cheers
gww

Offline Acebird

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Re: Warre Hives
« Reply #27 on: March 11, 2017, 11:39:06 am »
Speaking from experience here, if you do not meddle in your hives on a regular basis and just walk away, the bees WILL build to the walls and glue everything in.  Without having a physical frame in the hive you will have fun come harvest time.  I think the Warre hive is more suited for the hobbyist that wants to be in the hive all the time not out of the hive most of the time.  The Lang is more forgiving so you can do either.  It is more popular so parts are more available and because it is more popular you stand a better chance of getting resources like brood, eggs and honey from another person if the need should arise.
I see nothing wrong with having a Warre hive to play with but I will hedge my bet that you stand a better chance of a sustainable apiary with Langs.  My assumption is that most beekeepers would rather not buy bees every year or every two years.
Edit:
I don't think you will get away with just throwing empty boxes at a smallish hive even in my area which is not that plagued with small hive beetles.
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Offline gww

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Re: Warre Hives
« Reply #28 on: March 11, 2017, 12:57:00 pm »
Ace
I plan on keeping my langs too.  As far as small hive beetle.  I went through 4 over wintered hives with my mentor of sorts and even on his biggest ones, they had hive beatles running all over the place.  I am thinking due to the warmth of the winter that they are going to be a real issue this year.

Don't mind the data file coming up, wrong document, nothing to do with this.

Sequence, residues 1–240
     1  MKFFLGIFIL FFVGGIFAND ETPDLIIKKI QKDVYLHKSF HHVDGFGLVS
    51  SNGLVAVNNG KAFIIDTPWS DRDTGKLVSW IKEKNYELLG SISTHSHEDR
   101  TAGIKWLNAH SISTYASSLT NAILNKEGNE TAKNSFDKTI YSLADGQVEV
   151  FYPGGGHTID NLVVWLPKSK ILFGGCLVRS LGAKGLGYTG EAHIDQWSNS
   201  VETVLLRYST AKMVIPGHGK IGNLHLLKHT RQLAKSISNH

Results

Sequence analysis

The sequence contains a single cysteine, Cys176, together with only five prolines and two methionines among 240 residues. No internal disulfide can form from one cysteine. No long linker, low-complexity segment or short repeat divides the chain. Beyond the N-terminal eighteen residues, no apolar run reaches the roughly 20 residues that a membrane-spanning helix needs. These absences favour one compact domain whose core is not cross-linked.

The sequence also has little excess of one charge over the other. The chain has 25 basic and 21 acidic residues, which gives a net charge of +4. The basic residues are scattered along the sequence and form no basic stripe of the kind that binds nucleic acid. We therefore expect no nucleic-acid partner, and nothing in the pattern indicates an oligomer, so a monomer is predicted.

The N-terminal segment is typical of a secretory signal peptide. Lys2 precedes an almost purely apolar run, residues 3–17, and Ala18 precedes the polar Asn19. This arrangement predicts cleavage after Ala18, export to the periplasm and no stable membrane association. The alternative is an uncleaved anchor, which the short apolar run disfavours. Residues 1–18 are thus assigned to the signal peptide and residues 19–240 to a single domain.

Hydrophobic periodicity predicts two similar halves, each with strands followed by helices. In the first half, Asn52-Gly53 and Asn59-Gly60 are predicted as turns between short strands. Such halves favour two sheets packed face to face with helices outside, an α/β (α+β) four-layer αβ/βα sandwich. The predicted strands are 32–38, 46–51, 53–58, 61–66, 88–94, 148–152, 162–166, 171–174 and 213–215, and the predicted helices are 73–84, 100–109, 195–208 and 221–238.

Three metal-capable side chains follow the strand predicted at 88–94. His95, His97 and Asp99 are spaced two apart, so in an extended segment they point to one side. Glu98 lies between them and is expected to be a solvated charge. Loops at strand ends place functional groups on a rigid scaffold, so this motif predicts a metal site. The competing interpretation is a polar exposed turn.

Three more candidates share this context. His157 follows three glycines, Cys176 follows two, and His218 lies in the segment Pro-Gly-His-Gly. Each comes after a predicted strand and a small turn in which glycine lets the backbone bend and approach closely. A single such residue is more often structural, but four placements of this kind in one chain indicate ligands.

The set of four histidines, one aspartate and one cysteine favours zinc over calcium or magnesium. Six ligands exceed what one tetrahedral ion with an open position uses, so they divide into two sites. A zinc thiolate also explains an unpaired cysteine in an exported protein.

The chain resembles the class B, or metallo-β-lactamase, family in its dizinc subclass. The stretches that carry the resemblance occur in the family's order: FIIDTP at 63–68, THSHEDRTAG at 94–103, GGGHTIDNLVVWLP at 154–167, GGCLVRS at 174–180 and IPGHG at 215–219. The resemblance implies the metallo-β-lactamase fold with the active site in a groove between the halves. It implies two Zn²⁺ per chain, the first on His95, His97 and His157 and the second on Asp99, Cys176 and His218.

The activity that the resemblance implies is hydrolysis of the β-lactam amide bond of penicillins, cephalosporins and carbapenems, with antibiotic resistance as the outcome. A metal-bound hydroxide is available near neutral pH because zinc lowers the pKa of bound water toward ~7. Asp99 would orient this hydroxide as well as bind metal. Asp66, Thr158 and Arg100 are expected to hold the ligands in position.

I definatly don't want to buy bees ever and this year I will probly try to expand a little just because I have lots of equiptment built.  If I end up with bees in the warre which is questionable, it will be because a swarm moved in them on there own.  I do think that if I get some in it, that I will probly not work them too hard but I have the same comb guides it them and I put on the top bar of my langs and if the bees follow the guide, I am thinking a bread knife along the hive walls would free the combs up pretty easy.  They should be much easier to handle then the top bar long hives just due to them not being so massive and the fact that you can get to them from the bottom.

I have watched the michael palmer vidios of him inspecting his nucs where he does not pull frames but just looks from the bottom of the hive and pushes the combs sideways to look up the center.

I might be in for a rude awakening but it just does not seem like it would be that hard to take the comb out one at a time if you wanted to.  I do see where the innerchangability could cause you to lose a hive cause you lost a queen and can't add a frame of brood.

I don't say a guy should want to kill bees but on the other hand, it would be interesting to see how long a hive would survive with small interventions.

I am sorta doing that with my lang hives as I have not treated for mites and am just wondering how long it will be before that takes its toll on me.  Don't know if you don't try.

So, I would consintrate my efforts on learning to manage the langs and end up with live bees and a little honey but when I feel comfortable that I won't have to buy more bees, I will probly put a sacrafice swarm in the warre and just play with it.
I love hearing people views on this stuff and try to take what they say and learn from it.

Cheers
gww
Ps  I am building everything that I use and did build all mediums for interchangability but also built the warre and built the excape board and the double screen boards and feeders and so am not buying stuff and so the warre being a little harder to buy stuff for doesn't mean much cause I don't intend on buying anything if I have a prayer of making it.